Q: In your column you said that if Panasonic discontinued plasma you would probably hoard a few for future use. Since the decision has been announced do you think now is the time to put a few in storage, just in case?

A: It was widely speculated that if Panasonic pulled the plug on plasma, LG and Samsung would quickly follow suit. The opposite was true. After Panasonic made its announcement, both Korean companies quickly expressed their commitment to plasma television, and that new models would be introduced in 2014. In the past it has been easy for me to focus on Panasonic plasmas because of the picture quality, exceptional value, wide model line, and well-executed Smart TV features. Next year you will see more reviews and recommendations of LG and Samsung plasma televisions.

Given that plasma is going to be around a bit longer, I don't know that I would go the hoarding route just yet. The top LG and Samsung plasmas have picture quality fully competitive with the comparable Panasonic models. It is a lot easier to make a great plasma TV than a great LED / LCD TV because the physical properties of plasma are much better suited for televisions.

Another reason I would not plasma-hoard just yet is OLED and 4K are starting to appear. Both have the potential to be better than a current top-rate plasma display, but it is not known if the potential will be realized.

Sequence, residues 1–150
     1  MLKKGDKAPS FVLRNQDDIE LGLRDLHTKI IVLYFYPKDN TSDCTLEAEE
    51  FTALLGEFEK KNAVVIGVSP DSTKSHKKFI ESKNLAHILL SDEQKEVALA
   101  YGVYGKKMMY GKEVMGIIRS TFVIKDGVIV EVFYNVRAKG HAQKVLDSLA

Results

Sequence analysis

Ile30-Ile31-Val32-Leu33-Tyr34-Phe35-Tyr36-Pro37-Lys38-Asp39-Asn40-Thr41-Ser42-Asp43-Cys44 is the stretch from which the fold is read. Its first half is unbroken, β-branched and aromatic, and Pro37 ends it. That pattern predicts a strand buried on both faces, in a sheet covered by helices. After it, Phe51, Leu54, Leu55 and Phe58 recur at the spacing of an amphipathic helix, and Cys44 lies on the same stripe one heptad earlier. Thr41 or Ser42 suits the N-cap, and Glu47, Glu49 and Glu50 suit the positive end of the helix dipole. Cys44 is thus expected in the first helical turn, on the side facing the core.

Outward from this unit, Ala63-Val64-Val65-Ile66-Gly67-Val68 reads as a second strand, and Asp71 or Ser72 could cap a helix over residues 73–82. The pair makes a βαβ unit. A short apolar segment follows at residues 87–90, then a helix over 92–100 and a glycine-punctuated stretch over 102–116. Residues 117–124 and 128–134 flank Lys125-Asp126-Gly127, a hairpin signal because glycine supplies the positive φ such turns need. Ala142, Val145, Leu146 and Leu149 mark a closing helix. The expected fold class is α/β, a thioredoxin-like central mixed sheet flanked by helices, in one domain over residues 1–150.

OLED picture quality

Q: I know you like the Panasonic ZT60 plasmas. How does the picture compare to the OLED TVs that are now out?

A: I have not seen them compared side-to-side, but I know of people who have and was told the picture quality is very close, certainly not worth the considerable premium demanded by the OLED model.

OLED is expensive and the long-term longevity of large displays is unproven. They have been working on it for quite a few years and it is just now that we are seeing 55-inch OLED TVs.

I've been burned myself buying a very expensive TV with new technology. I bought a $13,000 70-inch Sony Qualia 006 HDTV soon after they were introduced in 2004, and even today if you feed my Qualia a good signal it still has the best picture I have ever seen. It was supposed to last indefinitely, with lamp changes every few years. Unfortunately, Sony's rear projection SXRD technology had an unknown fatal flaw. Most of the SXRD RPTVs produced have failed already, and all others are on borrowed time. As a result, I put my Qualia in my game room and only use it for Blu-ray movies, trying to squeak as much life out of it as I can.

Send questions to donlindich@gmail.com. Get more recommendations and read past columns at www.soundadviceblog.com.